We're driving into the American Black Hills of Montana and South Dakota, which means also heading into Lakota Sioux Territory. My daughters and I spent all of last year studying World History, what I called, "The Story of the World," and this year we are traveling the country reading American history, going to famous places, studying on the road, and just trying to soak up as much as we can of this great country. You can call me a Kook, I'll happily accept. We're having the time of our lives.
"Love your life, perfect your life, beautify all things in your life. Seek to make your life long and in the service of your people..." -Tecumseh, Shawnee Chief
The Black Hills mean Sitting Bull, Crazy Horse, and George Armstrong Custer. It means Mt. Rushmore and Black Elk Speaks. It means Deadwood and Devil's Tower or Bear's Lodge, and the history of the Sioux. But... the whole point of this trip, driving around the country with my daughters, is not jumping directly into a single event in history, but telling the full back story, giving it context, letting the complete vision of America settle before trying to understand multiple layers of time. I mean, we haven't even gotten to the Oregon Trail yet, or the Gold Rush, or the War of 1812! So... just like all things, we begin slowly, astutely... with Tecumseh. His war and his words.
"Always give a word or a sign of salute when meeting or passing a friend, even a stranger, when in a lonely place. Show respect to all people and grovel to none. When you arise in the morning give thanks for the food and for the joy of living. If you see no reason for giving thanks, the fault likes only in yourself..." -Tecumseh, Shawnee Chief
Tecumseh (1768 - 1813) grew up in the Ohio County during the American Revolutionary War and the Northwest Indian War. As an amazing and eloquent leader, he hoped to unite many Indian tribes under one Native American nation. Rejecting U.S. Military Treaties, he allied with the British to capture Fort Detroit during the War of 1812 after the defeat of his younger brother at Prophetstown. He died a year later in a fierce Battle of the Thames. Though his wisdom and words live on in legend, it would be 130 years later before Tecumseh's dream of a pan-Indian confederation would be realized with the founding of the National Congress of American Indians.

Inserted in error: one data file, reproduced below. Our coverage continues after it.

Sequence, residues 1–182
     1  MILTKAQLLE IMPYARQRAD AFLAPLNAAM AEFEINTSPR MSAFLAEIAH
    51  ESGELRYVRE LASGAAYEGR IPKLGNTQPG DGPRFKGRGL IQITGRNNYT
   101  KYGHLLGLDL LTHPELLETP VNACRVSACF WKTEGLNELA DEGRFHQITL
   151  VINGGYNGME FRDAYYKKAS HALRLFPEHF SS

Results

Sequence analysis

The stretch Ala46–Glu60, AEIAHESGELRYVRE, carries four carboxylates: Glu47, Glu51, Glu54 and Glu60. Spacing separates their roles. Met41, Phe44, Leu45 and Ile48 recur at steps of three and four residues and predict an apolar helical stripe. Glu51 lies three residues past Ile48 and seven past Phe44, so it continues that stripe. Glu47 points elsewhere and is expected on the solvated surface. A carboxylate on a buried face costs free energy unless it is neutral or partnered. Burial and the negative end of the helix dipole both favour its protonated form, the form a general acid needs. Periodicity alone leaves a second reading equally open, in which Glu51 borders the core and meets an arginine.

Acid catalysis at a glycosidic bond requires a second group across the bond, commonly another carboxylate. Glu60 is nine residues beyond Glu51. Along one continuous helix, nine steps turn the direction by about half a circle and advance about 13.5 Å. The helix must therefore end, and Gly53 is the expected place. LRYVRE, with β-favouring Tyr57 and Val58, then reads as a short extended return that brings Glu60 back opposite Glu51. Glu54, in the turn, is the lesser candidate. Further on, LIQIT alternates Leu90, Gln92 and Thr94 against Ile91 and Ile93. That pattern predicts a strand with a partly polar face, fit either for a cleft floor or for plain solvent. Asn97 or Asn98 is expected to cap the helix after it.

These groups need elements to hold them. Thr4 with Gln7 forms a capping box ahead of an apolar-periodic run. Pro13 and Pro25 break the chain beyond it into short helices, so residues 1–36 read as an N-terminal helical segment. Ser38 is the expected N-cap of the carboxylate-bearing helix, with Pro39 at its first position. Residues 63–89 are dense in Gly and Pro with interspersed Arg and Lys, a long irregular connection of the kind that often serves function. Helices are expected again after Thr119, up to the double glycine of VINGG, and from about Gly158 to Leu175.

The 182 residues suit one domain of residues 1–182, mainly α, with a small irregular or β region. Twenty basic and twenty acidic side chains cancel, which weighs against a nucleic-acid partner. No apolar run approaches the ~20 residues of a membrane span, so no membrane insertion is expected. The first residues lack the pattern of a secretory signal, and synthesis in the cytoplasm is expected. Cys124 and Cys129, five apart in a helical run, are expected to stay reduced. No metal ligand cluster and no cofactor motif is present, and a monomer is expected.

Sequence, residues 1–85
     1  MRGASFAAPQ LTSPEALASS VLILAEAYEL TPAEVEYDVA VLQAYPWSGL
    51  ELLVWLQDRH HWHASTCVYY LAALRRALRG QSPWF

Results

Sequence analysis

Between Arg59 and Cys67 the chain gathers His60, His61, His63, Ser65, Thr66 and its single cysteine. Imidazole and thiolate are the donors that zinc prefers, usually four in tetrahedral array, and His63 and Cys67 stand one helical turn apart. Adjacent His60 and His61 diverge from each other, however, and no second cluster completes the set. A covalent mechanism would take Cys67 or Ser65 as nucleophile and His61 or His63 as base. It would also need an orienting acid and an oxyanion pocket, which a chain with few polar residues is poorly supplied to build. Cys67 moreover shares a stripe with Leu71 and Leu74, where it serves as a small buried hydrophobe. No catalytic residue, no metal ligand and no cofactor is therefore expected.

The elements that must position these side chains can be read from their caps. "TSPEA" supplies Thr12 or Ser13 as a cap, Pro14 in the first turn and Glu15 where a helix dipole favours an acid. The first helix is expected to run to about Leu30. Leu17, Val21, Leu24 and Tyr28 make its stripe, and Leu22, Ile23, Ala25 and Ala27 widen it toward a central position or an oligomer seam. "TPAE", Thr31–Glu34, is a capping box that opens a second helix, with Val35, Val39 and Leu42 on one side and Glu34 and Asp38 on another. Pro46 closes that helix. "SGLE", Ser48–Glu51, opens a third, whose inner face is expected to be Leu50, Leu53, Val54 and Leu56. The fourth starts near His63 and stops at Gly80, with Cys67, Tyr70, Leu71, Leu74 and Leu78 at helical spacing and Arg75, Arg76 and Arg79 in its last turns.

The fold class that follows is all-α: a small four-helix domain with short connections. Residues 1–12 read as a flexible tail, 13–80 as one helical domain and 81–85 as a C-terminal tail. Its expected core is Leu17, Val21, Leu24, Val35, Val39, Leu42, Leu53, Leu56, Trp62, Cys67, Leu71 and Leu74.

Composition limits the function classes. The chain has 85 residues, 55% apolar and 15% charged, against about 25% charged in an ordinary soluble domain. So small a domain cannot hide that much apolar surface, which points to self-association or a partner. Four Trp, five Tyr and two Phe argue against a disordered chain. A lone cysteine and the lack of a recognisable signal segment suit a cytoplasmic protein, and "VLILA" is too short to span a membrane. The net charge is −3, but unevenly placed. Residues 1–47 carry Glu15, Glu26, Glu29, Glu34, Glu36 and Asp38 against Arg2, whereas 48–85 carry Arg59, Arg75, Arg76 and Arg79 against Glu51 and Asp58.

"When it comes your time to die, be not like those whose lives are filled with the fear of death, so that when the time comes they weep and pray for a little more time to live their lives over again in a different way. Sing your death song and die like a hero going home." -Tecumseh, Shawnee Chief
Much of Tecumseh's writing has been preserved, as with the legendary poem printed above, along with an account of his death, recorded from oral history from the Saugeen First Nation by Dr. Edwin Seaborn. The following is an excerpt: "Grandfather was tall. He carried himself as straight as an arrow for all his years. HIs long white hair touched his shoulders. On his great snow white horse he was easily marked. Shot through the body, he fell. The fatal bullet came from behind a fallen tree....he fell, gone where the good fighting men go." I choose Tecumseh to start with because he embodies so many of the great qualities native to this American land. His bravery. His voice. His wisdom. His vision. His words apply to all of us. We pulled the car over on the side of the road and climbed a little hill and read this poem out loud. Letting the words carry on the wind. Ready to plunge deeper into history.